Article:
SHARES her hopes and fears with you.

TELLS you the truth.

UNDERSTANDS you, even when you don't understand yourself.

VALUES your ideas and opinions.

WILL DO anything she can to help you.

XTENDS a helping hand whenever you need it.

YEARNS to hear from you when you're away.

ZINGS with joy 'cause you're her friend.

"We need to allow other people the dignity of their own choices," my friend Karen told me. The dignity of personal choice—what a wonderful concept!—the essence of free will and self-determination. I certainly want it myself, and I must allow others to have it, too.

If we would build on a sure foundation in friendship, we must love friends for their sake rather than for our own.

—Charlotte Brontë, author

Women of our generation figured out we could try to have it all. We were smart, we went to school, we had careers, and we had families. We learned to be assertive and not aggressive. We learned to volunteer and make a difference. We learned when to say "No" to things that didn't matter to us personally and professionally.

What we didn't learn was how to say "YES".

"Yes," I need help. "Yes," you can bring dinner over, sit with the kids, do my laundry, or just listen because, frankly, I can't do it all by myself. "Yes," I need others. Maybe what we need to do is say "No" to Superwoman more often, and say "Yes" to our friends instead.

Family: Fun or Funky?

98% of families are dysfunctional.


—Amy Berger, humorist and author




Kids learn much better by experiencing things than by someone telling them things. My mom knew that loving your kids doesn't mean letting them do whatever they want—it means giving them boundaries and guidelines within which to live and grow.

Sometimes there is a huge gap between the intent of a comment and its impact. It's easy to forget how sensitive my family members are—to unthinkingly hurt the ones I love the most.

I must speak more often from my heart, and less from my head.

If it's not one thing, IT'S YOUR MOTHER.

—Gilda Radner, comedian

How women and men handle their money speaks volumes about their families: whether or not they feel loved, how they provide for their children, and ways in which they act out their relationships with other family members. Money is intertwined with issues of power, control, sex, self-esteem, love, and loyalty. Carolyn Wesson's book Women Who Shop Too Much showed me that hiding purchases is just one small example of how interpersonal issues show up in the family checkbook. It's important for families to take the mystery out of money.

Virginia Quirk told me, Advice to children can be risky, and as ours matured, we had a creed we adhered to:

Never give adult children advice unless they are asking for money.

If adult children ask for advice, that's another story.

It worked for us. But in their developmental years, advice was needed—after all, that's what parenting is all about.

Our children sometimes choose paths that we don't understand or approve of, but we must accept their right to choose for themselves.

Making Peace with the Past


is the first inescapable political situation each of us has to negotiate. You are powerless. You are on the wrong side in every respect.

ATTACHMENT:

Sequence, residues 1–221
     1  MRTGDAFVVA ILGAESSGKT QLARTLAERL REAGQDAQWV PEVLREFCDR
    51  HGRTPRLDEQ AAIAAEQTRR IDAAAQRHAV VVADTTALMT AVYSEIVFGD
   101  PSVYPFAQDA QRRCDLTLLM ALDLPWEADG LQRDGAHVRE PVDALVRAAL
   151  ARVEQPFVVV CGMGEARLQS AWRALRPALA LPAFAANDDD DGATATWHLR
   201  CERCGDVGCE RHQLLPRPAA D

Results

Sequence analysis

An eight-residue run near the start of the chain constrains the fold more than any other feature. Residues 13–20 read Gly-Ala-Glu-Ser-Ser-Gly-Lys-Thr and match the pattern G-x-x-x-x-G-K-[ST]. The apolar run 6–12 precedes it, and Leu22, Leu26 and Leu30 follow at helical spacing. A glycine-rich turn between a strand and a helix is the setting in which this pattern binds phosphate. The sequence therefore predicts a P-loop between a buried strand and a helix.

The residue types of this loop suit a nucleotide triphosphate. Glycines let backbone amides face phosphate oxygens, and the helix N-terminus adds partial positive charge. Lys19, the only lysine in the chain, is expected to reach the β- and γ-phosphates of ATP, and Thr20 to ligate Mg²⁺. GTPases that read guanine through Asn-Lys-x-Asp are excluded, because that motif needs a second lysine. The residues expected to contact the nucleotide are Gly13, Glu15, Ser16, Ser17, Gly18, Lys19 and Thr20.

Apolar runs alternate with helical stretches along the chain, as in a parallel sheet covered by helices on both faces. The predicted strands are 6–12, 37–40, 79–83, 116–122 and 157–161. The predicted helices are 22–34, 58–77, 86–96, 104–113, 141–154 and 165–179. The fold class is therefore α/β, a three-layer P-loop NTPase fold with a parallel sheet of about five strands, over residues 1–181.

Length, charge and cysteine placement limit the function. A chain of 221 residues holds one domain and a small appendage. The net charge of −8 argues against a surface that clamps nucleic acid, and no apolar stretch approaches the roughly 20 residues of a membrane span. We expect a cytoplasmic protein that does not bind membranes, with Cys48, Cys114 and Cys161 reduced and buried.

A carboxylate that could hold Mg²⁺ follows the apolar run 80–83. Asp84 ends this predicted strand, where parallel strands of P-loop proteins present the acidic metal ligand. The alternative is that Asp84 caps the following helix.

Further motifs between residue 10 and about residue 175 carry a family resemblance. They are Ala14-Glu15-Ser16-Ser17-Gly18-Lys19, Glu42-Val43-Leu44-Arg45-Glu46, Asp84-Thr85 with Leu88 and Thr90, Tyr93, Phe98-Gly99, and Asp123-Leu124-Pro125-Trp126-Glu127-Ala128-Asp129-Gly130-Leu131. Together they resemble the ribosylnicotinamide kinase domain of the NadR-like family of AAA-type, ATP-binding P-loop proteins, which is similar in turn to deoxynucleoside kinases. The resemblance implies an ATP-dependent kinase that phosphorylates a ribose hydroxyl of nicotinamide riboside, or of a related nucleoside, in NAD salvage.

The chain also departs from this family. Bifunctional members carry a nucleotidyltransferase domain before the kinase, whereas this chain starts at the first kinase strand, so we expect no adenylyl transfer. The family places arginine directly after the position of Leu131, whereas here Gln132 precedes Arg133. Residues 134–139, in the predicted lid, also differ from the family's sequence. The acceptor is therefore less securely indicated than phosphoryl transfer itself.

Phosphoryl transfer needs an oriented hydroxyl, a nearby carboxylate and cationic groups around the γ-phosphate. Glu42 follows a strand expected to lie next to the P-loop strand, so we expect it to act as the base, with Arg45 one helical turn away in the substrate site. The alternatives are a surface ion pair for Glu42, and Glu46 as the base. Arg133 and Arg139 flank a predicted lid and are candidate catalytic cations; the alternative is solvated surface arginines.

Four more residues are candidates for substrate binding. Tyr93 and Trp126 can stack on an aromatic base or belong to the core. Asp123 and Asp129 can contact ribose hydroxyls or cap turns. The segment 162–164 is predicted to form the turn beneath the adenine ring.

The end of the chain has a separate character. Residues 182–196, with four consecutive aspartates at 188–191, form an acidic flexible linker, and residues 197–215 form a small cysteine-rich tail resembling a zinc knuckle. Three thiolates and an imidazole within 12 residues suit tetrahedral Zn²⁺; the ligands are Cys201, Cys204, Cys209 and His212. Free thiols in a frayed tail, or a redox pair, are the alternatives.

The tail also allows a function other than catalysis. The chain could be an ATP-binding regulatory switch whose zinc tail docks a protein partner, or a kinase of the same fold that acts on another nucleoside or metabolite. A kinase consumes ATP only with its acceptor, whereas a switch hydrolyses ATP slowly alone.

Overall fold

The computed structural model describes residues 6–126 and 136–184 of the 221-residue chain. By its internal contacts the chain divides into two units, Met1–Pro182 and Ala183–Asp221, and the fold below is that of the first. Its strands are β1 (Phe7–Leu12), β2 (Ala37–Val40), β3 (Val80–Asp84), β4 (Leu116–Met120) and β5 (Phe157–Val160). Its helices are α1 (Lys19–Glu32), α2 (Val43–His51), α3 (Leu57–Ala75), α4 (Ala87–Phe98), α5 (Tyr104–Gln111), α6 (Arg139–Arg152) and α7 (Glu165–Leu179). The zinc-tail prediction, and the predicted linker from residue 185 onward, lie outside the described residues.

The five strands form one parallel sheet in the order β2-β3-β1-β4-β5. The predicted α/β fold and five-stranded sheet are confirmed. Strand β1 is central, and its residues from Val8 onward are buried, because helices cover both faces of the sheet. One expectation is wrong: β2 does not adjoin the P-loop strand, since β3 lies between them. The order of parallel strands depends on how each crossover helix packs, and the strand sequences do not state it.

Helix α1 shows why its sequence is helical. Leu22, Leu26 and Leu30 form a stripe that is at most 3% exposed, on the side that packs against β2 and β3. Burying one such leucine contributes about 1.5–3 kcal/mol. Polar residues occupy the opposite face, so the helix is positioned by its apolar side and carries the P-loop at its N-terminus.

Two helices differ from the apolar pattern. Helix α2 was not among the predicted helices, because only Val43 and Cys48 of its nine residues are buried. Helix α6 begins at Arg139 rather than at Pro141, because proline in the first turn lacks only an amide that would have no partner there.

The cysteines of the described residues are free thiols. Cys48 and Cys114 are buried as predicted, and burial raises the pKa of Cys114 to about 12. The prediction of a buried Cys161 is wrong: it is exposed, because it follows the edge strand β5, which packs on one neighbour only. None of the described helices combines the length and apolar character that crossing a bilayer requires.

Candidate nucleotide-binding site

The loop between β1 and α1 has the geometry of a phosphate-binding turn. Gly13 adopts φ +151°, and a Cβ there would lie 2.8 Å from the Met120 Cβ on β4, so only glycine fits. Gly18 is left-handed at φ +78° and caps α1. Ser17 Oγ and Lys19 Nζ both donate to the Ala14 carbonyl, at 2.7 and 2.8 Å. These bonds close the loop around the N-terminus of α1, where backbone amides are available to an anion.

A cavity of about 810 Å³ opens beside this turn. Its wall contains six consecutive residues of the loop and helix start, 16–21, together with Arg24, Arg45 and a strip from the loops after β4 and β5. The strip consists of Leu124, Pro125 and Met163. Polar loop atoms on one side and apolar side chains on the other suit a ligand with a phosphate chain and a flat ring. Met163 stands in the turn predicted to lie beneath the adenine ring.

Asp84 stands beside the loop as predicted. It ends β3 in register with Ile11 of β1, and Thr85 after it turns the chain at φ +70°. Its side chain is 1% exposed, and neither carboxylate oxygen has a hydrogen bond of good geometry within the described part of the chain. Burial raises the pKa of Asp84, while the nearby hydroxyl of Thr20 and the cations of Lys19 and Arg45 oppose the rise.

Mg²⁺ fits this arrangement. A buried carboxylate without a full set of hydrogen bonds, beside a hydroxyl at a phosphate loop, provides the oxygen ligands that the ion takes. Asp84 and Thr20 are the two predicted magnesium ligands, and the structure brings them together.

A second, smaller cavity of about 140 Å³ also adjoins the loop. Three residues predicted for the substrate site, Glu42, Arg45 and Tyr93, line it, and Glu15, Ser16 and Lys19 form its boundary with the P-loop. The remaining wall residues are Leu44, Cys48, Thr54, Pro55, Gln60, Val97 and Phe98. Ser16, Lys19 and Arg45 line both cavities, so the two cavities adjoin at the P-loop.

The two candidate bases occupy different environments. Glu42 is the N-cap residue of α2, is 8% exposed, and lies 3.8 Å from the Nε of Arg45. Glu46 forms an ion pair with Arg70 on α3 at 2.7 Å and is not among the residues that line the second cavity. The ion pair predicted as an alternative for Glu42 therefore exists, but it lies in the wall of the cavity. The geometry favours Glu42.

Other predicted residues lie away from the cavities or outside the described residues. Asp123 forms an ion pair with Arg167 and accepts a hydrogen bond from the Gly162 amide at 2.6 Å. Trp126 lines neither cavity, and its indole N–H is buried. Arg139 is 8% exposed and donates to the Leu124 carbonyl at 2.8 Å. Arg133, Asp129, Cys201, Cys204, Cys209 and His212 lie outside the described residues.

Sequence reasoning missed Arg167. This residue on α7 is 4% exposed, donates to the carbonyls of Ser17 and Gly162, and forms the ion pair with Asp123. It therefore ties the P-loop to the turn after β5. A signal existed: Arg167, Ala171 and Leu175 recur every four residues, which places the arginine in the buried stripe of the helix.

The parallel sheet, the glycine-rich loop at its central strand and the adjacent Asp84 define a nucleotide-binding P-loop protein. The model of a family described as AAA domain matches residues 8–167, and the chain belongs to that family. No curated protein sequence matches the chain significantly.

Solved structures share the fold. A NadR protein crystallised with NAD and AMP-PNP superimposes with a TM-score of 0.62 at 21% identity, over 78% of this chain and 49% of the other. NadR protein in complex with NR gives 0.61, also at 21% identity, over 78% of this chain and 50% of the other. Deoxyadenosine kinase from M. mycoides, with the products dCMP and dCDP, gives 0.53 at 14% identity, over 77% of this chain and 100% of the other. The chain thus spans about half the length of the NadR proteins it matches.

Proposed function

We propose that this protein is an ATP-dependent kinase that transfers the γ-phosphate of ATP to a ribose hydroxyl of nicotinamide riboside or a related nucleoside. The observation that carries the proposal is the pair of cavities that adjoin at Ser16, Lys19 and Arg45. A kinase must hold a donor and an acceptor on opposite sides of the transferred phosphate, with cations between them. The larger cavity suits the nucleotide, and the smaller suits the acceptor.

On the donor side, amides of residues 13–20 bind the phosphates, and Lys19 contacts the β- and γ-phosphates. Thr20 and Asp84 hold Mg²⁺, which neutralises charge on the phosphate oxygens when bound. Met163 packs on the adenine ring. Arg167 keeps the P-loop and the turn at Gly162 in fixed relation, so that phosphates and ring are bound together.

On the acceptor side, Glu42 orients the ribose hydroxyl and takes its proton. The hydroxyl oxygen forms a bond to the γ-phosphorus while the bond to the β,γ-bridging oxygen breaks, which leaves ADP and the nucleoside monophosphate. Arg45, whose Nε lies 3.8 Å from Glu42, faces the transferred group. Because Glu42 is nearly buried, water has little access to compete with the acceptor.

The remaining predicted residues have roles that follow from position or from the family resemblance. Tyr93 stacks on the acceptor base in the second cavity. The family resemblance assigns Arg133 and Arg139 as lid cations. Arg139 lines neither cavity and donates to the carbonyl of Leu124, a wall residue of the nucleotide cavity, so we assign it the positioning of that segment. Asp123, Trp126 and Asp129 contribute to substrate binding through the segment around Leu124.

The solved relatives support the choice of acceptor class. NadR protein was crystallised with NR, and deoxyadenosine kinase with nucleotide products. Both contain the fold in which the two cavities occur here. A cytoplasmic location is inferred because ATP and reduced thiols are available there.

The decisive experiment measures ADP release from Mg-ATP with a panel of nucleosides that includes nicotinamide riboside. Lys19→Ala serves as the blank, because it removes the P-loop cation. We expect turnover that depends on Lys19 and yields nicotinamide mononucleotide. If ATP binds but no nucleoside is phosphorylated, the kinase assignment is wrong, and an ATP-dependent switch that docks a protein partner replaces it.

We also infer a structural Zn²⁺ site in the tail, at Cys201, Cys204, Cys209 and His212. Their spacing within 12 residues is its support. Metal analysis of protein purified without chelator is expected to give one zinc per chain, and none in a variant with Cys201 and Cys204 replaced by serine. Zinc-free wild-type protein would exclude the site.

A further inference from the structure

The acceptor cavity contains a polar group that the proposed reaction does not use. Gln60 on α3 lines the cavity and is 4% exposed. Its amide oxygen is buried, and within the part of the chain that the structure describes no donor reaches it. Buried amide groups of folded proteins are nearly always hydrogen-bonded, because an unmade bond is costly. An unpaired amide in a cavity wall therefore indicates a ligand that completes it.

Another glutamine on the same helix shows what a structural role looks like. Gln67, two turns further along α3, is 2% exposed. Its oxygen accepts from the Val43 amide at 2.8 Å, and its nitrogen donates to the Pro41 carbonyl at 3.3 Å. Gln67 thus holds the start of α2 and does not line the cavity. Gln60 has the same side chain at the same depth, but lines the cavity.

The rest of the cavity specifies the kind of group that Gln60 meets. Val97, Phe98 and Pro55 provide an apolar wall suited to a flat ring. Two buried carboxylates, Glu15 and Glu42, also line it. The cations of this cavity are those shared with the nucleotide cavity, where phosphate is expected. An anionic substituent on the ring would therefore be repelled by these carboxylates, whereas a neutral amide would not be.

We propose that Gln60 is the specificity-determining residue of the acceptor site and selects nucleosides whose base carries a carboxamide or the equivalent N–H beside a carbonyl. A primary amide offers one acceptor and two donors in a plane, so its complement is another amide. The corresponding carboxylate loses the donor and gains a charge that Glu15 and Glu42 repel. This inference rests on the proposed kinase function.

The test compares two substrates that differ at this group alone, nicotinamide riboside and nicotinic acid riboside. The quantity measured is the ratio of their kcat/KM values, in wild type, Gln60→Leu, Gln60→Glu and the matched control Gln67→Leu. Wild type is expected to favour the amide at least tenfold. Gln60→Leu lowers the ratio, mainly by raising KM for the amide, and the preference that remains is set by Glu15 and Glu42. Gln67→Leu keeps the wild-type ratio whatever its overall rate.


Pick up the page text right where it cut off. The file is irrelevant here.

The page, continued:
—June Jordan, poet, novelist, and critic

The past is a weird thing. Somehow, it keeps showing up in the present. Even worse, sometimes it seems to predict the future! Old issues that we thought were finished show up disguised with new faces. Old wounds are reopened by new people ... or sometimes by the same people who gave us the original wounds. Our fathers show up in our relationships with men. We're haunted by the fear that we might be turning into our mothers. Old parental issues get reenacted with authority figures like bosses. What's the deal here? More importantly, is there anything we can do about it?

A wise friend once told me


YOU CAN'T get complete with anyone.

Her advice was this:

If you have unresolved issues with your parents, drop everything else you're doing and take care of that. If you don't then old garbage from the past will continue to clutter up your life and your relationships forever.

We all live in SUSPENSE from day to day; in other words, you are the HERO of your own story.

—Mary McCarthy, author of On the Contrary

It's time to let parents off the hook.

My mom told me, Blame your parents for the way you are; blame yourself if you stay that way.

A woman sees what she looks for.

—Barbara Jenkins, author

My friend Anita Goldstein said,

Every time you hear yourself making some blanket statement like, "I'm very insecure ... I need a lot of attention and reassurance," I'd suggest that you add these three words, "up until now." Every time you do that, you're making a break with the past. You're giving

IT'S never TOO LaTe TO Become WHaT YoU mIGHT Have Been.

—George Eliot (Mary Ann Evans, who wrote under a male pen name)

My Body / My self

Women's bodies are both beautiful and practical. Our soft curves and a uuring femininity have for centuries inspired the world's greatest artists. On the other hand, our innate physical durability enables us to give birth to babies and feed them, work hard, juggle multiple roles, and go the distance, outliving men. Our bodies are nothing short of miraculous—the epitome of FORM FOLLOWS FUNCTION.

Some of us are not so thrilled with Mother Nature's handiwork, though. In fact, I don't know a single woman who actually likes her body. Women worry and fret about being too fat, too tall, too short, too something! We worry about our health, aging, and the loss of physical beauty as well as the prospect of being old ladies in a society that worships youth. Having a woman's body is definitely a mixed blessing.

You can take no credit for beauty at sixteen. But if you are beautiful at sixty, it will be your soul's own doing.

—Marie Carmichael Stopes, Scottish writer